Third Party Beneficiaries and Privity of Contract
“Privity of contract” is an important term in contract law. The concept is simple; legal disputes arising out of a contract are limited to the parties to the contract. Nine times out of ten if you are not a party to a contract, you do not have a breach of contract claim. This article is about that one time out of ten.
Imagine yourself as a new homeowner, but amidst your joy you discover a defect: the foundation is uneven and when it rains, flooding occurs. You immediately call the builder, but it is out of business, so what do you do, who do you turn to? The answer is the legal theory known as “third party beneficiaries.” Being aware of this theory MAY allow you to enforce a claim against the builder, or the subcontractor(s) who excavated, formed up, and/or poured the foundation.
In Illinois, when parties enter into a contract for the benefit of a non-party, that non-party may sue for breach of contract. The rationale is efficiency. If a non-party cannot sue the breaching party to the contract, they’d have to sue the non-breaching contracting party, who would then in turn sue the breaching party. Such round about litigation makes little sense and the courts in Illinois agree. Yet, Illinois courts are reluctant to find that there are third party beneficiaries with enforceable rights. The courts seem to prefer the position that only parties to the contract are bound by that contract.
The question is: “How do you defeat the court’s preference and establish yourself as third party beneficiary with enforceable rights?” Said another way, “How can you sue to recover for that defect in your home when you were not named in the construction contract”? The good news is there is no hard and fast rule. The bad news is also that there is no hard and fast rule. The courts review third party beneficiary claims on a case by case basis.
The most predominant factor in determining third party beneficiary status is intent. The intent of the parties at the time the contract is executed will determine your status as a third party beneficiary. The factors Courts use in determining intent vary, but the language in the contract will always be considered. Language in the contact which identifies you as a third party beneficiary will make your status as a third party beneficiary easy to ascertain. However, having your name placed in the contract may be easier said than done.
If you find yourself fighting to have this language in the contract, keep in mind the underlying principal of intent and ways this can be determined. Another consideration in determining intent is whether a party was foreseeable by the contracting parties. However, forseeability is not alone sufficient. In public works contracts there are many foreseeable beneficiaries. Parties to public works contracts such as those for the construction of a road or sewer, do not anticipate being sued by the numerous users of the road or sewer and so the courts have yet to find third party beneficiary status in a public works contract. The point to keep in mind is whether the breaching party to the contract would anticipate being sued by an alleged “third party beneficiary?” This is a predominant factor in determining intent.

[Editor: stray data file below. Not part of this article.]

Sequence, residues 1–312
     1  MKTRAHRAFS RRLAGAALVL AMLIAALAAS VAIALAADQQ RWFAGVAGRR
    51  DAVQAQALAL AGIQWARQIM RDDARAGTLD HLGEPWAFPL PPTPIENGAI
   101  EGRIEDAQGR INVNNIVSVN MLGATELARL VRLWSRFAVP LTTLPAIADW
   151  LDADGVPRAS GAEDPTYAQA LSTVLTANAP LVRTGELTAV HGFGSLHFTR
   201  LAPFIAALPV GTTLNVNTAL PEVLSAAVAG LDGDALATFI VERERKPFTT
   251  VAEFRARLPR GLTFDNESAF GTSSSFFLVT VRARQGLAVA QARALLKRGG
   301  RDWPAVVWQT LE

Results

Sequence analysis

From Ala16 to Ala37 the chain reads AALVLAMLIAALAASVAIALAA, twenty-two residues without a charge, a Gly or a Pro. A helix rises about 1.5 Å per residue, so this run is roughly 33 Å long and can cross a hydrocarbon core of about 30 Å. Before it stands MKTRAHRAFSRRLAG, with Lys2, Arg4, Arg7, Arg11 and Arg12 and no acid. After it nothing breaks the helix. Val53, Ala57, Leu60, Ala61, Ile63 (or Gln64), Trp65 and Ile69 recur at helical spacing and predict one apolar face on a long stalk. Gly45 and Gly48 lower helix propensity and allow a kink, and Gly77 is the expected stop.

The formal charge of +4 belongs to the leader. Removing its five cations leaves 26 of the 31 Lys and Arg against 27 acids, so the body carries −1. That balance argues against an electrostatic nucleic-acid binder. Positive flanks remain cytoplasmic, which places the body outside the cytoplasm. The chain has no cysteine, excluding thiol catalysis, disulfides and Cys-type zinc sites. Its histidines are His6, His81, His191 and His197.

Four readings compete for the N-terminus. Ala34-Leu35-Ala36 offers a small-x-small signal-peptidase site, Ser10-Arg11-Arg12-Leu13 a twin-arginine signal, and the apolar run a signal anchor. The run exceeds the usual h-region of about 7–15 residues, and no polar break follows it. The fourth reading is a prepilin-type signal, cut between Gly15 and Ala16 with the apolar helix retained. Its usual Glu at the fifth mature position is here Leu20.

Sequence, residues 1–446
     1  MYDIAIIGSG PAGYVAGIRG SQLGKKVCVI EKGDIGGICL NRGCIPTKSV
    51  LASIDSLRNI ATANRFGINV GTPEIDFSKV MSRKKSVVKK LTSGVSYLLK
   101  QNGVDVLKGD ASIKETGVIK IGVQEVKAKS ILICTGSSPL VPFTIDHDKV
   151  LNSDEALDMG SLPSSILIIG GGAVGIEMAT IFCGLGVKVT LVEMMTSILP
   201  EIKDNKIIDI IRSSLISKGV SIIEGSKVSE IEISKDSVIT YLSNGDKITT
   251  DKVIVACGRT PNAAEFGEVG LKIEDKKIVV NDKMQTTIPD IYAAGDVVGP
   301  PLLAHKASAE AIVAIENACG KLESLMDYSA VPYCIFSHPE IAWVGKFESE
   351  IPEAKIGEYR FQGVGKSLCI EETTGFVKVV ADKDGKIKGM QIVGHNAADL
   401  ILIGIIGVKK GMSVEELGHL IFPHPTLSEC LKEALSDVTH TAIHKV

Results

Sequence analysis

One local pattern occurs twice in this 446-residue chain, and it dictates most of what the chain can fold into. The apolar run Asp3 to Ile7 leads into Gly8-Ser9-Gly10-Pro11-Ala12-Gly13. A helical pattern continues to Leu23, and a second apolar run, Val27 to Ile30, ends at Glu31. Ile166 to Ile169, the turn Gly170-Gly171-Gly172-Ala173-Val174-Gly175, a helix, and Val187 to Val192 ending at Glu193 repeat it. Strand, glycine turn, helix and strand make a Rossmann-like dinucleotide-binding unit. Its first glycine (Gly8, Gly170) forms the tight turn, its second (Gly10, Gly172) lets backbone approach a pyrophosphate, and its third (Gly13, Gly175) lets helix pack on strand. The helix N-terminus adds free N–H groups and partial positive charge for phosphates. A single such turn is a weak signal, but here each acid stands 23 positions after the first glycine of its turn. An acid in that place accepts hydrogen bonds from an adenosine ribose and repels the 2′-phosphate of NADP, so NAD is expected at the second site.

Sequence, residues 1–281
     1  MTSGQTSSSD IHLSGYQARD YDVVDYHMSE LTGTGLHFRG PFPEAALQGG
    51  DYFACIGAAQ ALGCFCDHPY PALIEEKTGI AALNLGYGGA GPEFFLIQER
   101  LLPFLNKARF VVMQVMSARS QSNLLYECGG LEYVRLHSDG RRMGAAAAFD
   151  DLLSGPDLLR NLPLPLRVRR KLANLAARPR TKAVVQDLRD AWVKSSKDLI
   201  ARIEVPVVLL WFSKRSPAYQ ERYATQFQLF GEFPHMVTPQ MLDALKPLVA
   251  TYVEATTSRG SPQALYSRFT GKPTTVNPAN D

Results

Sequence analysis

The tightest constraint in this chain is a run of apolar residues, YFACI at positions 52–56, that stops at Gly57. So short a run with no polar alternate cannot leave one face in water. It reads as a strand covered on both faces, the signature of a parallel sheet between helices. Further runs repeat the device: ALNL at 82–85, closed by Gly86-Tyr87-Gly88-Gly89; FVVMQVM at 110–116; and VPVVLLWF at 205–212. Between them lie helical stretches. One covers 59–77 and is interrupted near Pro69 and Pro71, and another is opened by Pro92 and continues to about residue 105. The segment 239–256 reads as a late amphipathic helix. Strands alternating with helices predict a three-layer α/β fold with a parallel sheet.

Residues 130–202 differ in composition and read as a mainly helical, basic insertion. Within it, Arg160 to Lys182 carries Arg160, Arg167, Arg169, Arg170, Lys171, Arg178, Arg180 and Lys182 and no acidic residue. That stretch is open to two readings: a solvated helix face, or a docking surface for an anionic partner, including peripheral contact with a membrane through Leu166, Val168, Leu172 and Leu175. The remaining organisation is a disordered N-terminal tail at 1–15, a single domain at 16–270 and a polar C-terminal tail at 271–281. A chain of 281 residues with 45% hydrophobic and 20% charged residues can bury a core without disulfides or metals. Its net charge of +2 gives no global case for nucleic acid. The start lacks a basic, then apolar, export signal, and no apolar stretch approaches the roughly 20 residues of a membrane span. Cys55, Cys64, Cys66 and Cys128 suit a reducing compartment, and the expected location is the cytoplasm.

To provide additional insight, consider the case where a surveyor inaccurately surveyed a piece of land, causing inaccurate boundaries to be recorded. Subsequent purchasers attempted to sue the surveyor, arguing that they were the intended beneficiary of the contract between the prior owner and surveyor. The Court disagreed, preventing the subsequent owners from asserting a breach of contract claim. Yet, courts have found owners to be third party beneficiaries where contracts between builders and subcontractors make reference to “the owner”. The reference to the owner does not need to say, “this is for the direct benefit of Joe Smith”. Simply requiring consultation with the owner in the terms of the contract is sufficient indication of the parties’ intent.
The bottom line is intent. So, when the time comes for your to build a new home or even purchase a new home, it is important to consider your available remedies in the event of a defect. In some cases, inserting language to establish yourself as a third party beneficiary may be a viable option. In other instances, recognizing the unavailability of recovery from a subcontractor may allow you to seek alternative protection in the event you subsequently discover a defect.